HRC40 | The new authorities in the Democratic Republic of Congo must show commitment to the protection of human rights


During the enhanced dialogue on the High Commissioner’s report on the Democratic Republic of Congo, ISHR expressed concerns over the alarming shrinking space for civil society and restrictions on freedom of peaceful assembly and expression in the country.

Since 2016, year when presidential elections were initially planned to take place, a spate of violence led to gross human rights violations. Although the country has achieved a relatively peaceful political transition for the first time since its independence, unfavourable conditions and mistrust have led ‘the civil society and political parties to organise protests through the largest cities of the country, which were suppressed violently by the defense and security forces’, declared Leila Zerrougui, Special Representative of the Secretary-General and Head of MONUSCO. As a matter of fact, ‘many citizens of Congo paid a high price to achieve this political votation’, she regretted.

Nevertheless, the transitional context represents an opportunity for the DRC government to reconsider its approach in dealing with the civil society. ISHR therefore called on the new authorities to ensure the protection of civic space and the respect of fundamental rights and freedoms. This implies breaking down any barrier to the exercise of freedom of expression and peaceful assembly, such as violent repression and voluntary internet connection shutdowns.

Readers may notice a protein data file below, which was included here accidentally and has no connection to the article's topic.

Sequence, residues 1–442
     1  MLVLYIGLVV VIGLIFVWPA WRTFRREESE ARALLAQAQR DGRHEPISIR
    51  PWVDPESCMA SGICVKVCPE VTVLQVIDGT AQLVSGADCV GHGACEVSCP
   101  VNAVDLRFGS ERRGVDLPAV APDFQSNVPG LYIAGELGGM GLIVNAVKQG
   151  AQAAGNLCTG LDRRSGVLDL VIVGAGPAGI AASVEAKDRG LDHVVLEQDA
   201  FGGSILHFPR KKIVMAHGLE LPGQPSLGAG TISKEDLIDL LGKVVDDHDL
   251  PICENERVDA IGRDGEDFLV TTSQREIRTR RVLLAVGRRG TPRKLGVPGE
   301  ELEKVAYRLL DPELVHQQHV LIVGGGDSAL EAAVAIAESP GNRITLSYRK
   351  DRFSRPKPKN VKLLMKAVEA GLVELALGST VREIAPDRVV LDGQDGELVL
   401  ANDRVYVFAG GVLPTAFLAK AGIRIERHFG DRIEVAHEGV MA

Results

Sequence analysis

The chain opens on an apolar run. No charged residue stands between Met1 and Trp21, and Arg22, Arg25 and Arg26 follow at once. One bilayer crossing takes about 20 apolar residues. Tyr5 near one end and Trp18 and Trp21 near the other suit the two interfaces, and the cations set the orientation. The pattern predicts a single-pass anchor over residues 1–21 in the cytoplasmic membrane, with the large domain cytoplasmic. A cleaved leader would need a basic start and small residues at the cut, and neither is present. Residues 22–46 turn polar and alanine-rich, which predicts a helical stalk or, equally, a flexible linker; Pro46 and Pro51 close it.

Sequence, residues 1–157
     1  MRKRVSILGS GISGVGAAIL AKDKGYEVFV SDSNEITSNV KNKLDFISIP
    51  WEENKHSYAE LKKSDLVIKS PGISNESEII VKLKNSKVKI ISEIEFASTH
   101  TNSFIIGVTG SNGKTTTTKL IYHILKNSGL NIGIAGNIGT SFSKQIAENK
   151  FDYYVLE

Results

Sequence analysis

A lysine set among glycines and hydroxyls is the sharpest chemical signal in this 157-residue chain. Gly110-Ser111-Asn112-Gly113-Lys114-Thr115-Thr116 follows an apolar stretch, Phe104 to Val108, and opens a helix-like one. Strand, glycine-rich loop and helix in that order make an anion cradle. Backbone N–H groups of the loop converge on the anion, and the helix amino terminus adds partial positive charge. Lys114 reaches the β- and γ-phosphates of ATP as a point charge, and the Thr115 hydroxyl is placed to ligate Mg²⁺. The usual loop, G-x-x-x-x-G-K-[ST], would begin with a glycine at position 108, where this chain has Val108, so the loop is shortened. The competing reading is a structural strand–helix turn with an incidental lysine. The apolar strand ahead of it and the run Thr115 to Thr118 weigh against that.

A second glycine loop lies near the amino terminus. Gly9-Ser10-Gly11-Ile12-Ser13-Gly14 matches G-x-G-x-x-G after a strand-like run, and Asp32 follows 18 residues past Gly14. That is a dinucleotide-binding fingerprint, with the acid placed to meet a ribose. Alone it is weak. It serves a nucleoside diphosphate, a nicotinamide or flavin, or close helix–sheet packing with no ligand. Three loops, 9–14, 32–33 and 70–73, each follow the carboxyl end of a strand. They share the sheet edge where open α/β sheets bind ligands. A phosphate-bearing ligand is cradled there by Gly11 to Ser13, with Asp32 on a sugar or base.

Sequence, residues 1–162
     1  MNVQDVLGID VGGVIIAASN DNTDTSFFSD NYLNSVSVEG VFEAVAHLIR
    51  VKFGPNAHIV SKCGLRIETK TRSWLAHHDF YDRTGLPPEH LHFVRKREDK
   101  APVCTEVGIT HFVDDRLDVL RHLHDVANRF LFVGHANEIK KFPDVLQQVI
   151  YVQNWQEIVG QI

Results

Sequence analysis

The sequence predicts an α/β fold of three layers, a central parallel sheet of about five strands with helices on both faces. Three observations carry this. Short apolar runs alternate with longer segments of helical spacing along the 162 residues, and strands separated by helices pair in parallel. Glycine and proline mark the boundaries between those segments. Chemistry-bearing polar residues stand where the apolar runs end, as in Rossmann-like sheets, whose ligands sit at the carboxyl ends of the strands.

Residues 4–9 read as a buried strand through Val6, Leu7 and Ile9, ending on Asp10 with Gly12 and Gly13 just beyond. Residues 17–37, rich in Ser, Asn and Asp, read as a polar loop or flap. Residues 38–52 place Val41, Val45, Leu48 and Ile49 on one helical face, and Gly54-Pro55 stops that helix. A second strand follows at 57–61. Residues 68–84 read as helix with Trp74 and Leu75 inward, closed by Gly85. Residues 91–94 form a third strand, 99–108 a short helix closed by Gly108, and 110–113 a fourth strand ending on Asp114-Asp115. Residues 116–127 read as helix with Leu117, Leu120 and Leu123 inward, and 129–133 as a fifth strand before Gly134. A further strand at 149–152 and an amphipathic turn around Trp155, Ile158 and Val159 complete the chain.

ISHR remains deeply concerned by several bills under discussion, which clearly fail to respect international standards and the UN Declaration on the protection of human rights defenders. ‘The common denominator of these bills is the large number of provisions implying heavy state interference aimed at restricting the work of human rights defenders in the country’, denounced Adelaïde Etong Kame. Therefore, we urge the State to bring them into line with regional and international norms.

ISHR finally called on the government to comply with its obligation to promote and protect human rights and to create a safe and enabling environment for human rights defenders to freely and effectively carry out their work.

Read the full statement here.

Watch the statement's video here: 

Contact: Adelaïde Etong Kame, Africa advocacy consultant

Photo: UN Video


  • Africa
  • Freedom of expression, association and assembly
  • Human rights defenders
  • NGOs
  • UN Human Rights Council
  • Congo (Kinshasa)